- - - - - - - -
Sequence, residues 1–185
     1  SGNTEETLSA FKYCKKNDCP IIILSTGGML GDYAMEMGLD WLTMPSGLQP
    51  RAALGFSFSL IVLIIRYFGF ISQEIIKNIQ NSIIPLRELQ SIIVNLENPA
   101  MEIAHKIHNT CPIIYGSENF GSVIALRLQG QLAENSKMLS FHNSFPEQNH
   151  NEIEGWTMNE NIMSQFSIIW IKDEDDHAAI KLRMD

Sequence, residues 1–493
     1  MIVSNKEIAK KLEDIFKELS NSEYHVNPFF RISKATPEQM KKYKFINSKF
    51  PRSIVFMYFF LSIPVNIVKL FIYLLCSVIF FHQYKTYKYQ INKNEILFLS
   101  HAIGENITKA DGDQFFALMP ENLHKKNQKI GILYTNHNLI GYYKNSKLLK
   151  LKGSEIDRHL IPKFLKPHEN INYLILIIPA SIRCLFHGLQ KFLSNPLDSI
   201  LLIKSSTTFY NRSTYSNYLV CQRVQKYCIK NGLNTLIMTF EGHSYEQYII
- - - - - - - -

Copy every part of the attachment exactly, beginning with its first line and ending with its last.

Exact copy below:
Sequence, residues 1–185
     1  SGNTEETLSA FKYCKKNDCP IIILSTGGML GDYAMEMGLD WLTMPSGLQP
    51  RAALGFSFSL IVLIIRYFGF ISQEIIKNIQ NSIIPLRELQ SIIVNLENPA
   101  MEIAHKIHNT CPIIYGSENF GSVIALRLQG QLAENSKMLS FHNSFPEQNH
   151  NEIEGWTMNE NIMSQFSIIW IKDEDDHAAI KLRMD

Sequence, residues 1–493
     1  MIVSNKEIAK KLEDIFKELS NSEYHVNPFF RISKATPEQM KKYKFINSKF
    51  PRSIVFMYFF LSIPVNIVKL FIYLLCSVIF FHQYKTYKYQ INKNEILFLS
   101  HAIGENITKA DGDQFFALMP ENLHKKNQKI GILYTNHNLI GYYKNSKLLK
   151  LKGSEIDRHL IPKFLKPHEN INYLILIIPA SIRCLFHGLQ KFLSNPLDSI
   201  LLIKSSTTFY NRSTYSNYLV CQRVQKYCIK NGLNTLIMTF EGHSYEQYII